Brazil backs Beijing’s ‘One China policy,’ foreign minister Wang Yi says

By Anthony Boadle

BRASILIA (Reuters) -Chinese Foreign Minister Wang Yi on Friday welcomed Brazil’s recent support for Beijing’s “One China policy” that states Taiwan is an inseparable part of China, in a sign of stronger bilateral ties with South America’s largest country.

At the end of a two-day visit to Brazil, Wang made a stop in the northeastern Brazilian city of Fortaleza to meet Brazil’s President Luiz Inacio Lula da Silva at an air force base before departing to Jamaica by the late afternoon. There were no details of their meeting.

In Brasilia earlier, Wang said their two countries, both members of the BRICS group of leading emerging economies, must work together to build a multi-polar world based on peace and security.

Brazil’s Foreign Minister Mauro Vieira said he and Wang discussed the conflicts in Ukraine and Gaza and how they can be resolved, with China’s top diplomat saying the two trade partners need to build closer levels of confidence.

China-Brazil relations were ruffled during the far-right government of former President Jair Bolsonaro, and have improved under Lula, a popular leftist leader in his third term.

Wang and Vieira signed a visa agreement between the two nations extending their validity from five to 10 years, aimed at spurring business travel and tourism.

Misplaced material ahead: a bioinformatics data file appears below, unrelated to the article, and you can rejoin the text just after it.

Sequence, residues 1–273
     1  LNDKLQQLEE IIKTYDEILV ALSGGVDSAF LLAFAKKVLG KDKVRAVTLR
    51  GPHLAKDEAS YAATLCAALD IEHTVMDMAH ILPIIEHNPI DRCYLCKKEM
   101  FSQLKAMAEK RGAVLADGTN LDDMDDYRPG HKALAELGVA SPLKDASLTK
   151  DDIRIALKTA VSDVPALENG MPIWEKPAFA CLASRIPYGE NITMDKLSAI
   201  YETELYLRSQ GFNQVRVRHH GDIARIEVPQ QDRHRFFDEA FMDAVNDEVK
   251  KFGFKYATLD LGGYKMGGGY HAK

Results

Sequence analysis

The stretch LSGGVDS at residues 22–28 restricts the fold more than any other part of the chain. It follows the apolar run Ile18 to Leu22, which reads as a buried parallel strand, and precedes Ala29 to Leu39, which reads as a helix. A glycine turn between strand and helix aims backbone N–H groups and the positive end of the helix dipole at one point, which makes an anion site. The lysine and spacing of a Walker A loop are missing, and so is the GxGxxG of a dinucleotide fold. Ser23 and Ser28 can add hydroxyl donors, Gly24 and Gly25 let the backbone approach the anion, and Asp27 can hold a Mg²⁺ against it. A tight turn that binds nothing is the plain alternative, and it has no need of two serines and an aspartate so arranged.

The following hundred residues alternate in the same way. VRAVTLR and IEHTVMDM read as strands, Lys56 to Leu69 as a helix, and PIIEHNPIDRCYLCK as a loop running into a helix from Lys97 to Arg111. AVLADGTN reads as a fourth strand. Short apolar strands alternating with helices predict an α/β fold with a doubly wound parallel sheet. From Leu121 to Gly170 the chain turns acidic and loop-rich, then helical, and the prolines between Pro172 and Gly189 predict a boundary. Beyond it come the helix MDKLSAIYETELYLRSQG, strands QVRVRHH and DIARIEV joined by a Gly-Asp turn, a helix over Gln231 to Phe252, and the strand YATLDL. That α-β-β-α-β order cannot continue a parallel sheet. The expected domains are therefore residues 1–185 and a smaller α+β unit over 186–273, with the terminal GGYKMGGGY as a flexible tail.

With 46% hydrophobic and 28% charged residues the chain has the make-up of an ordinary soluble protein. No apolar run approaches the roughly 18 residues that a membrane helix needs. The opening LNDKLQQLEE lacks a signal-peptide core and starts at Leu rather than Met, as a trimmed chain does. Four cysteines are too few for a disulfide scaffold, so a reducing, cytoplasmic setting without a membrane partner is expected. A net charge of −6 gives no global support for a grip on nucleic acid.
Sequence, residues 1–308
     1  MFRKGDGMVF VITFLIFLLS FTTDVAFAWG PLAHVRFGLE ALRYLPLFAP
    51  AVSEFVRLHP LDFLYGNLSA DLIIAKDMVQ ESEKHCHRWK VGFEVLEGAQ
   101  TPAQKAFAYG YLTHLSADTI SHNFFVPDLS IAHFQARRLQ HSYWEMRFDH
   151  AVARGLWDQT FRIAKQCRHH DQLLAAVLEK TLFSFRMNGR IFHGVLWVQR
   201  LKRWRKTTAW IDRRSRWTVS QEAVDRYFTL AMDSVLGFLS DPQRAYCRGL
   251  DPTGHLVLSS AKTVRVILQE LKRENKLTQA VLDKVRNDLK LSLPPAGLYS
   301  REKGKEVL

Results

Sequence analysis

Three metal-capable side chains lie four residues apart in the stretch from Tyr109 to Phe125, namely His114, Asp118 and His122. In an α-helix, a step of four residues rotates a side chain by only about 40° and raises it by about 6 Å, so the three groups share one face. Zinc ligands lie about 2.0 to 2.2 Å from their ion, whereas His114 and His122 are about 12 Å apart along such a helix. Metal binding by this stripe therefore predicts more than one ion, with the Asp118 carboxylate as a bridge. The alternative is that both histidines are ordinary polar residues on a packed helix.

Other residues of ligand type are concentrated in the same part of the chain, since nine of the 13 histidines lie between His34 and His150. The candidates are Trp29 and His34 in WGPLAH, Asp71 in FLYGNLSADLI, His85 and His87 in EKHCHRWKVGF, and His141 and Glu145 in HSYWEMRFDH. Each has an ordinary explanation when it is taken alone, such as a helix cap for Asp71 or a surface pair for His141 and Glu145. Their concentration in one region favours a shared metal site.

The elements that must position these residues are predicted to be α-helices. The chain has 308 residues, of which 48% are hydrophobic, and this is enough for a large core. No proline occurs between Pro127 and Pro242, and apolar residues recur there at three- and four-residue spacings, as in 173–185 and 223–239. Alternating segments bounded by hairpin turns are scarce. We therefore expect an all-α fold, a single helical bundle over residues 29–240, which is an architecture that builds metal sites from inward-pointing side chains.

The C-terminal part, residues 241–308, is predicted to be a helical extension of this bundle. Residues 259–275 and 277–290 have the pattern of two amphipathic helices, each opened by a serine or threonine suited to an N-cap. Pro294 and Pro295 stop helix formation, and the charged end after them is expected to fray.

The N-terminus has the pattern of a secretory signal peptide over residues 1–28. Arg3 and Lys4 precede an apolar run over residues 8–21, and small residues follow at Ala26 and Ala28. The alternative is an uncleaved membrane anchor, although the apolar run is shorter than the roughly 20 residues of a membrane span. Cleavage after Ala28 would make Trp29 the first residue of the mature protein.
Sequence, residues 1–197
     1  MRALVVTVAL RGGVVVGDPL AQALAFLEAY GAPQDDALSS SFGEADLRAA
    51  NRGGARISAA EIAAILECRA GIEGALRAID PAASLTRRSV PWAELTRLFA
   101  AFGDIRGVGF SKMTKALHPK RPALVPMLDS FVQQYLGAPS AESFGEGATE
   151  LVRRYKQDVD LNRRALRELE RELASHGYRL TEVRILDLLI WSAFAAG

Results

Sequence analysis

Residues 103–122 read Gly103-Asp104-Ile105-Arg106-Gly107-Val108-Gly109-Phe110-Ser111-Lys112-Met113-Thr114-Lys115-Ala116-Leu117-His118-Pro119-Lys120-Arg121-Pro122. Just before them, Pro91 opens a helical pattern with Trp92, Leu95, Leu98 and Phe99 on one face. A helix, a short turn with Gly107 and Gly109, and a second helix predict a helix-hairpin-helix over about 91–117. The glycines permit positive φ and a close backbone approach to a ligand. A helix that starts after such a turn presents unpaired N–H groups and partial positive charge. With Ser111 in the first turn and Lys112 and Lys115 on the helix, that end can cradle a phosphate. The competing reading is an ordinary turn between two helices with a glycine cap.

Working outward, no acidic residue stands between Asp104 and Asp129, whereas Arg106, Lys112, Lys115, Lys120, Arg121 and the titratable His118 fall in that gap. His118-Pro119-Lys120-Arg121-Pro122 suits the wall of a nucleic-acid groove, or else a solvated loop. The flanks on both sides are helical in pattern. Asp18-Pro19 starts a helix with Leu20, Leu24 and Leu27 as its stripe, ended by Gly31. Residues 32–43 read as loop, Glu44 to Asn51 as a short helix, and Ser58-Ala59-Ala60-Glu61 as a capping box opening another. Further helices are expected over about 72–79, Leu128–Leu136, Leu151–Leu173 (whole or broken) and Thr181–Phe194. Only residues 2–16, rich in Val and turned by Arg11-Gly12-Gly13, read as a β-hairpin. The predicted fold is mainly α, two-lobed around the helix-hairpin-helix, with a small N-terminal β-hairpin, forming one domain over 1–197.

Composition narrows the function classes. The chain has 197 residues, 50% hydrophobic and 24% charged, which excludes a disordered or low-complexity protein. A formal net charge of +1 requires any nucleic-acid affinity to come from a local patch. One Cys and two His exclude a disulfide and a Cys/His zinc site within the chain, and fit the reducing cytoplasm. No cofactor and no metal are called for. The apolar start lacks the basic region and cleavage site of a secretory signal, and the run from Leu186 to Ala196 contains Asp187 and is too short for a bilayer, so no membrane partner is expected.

Wang stopped in Fortaleza en route to Jamaica, the last stop of his tour that began in African nations.

Lula was traveling in northeast Brazil, his main political bastion, eyeing municipal elections this year.

Brazil’s position on Taiwan was established in April in a foreign ministry statement that expressed Brazil’s “firm support to the One China Principle” and said China was “the sole legitimate government of the whole of China, and Taiwan being an inseparable part of the Chinese territory.”

China is Brazil’s largest export market, mainly for soy and iron ore. Chinese companies are planning to increase their investments in Brazil, in power transmission, oil and electric vehicles, businessmen said at a Brazil-China meeting last week in Shenzhen with major Chinese corporations.

Marcos Caramuru, a China watcher and former Brazilian ambassador in Beijing, said he is seeing growing interest of Chinese companies in investments in electric vehicles and in infrastructure in Brazil, as well as new investments in areas where China has been investing for a while, such as the electricity sector and e-commerce.

“Lula as president has helped to increase the level of mutual confidence in Brazil-China relations,” Caramuru said.

(Reporting by Anthony Boadle; Editing by Steven Grattan and Aurora Ellis)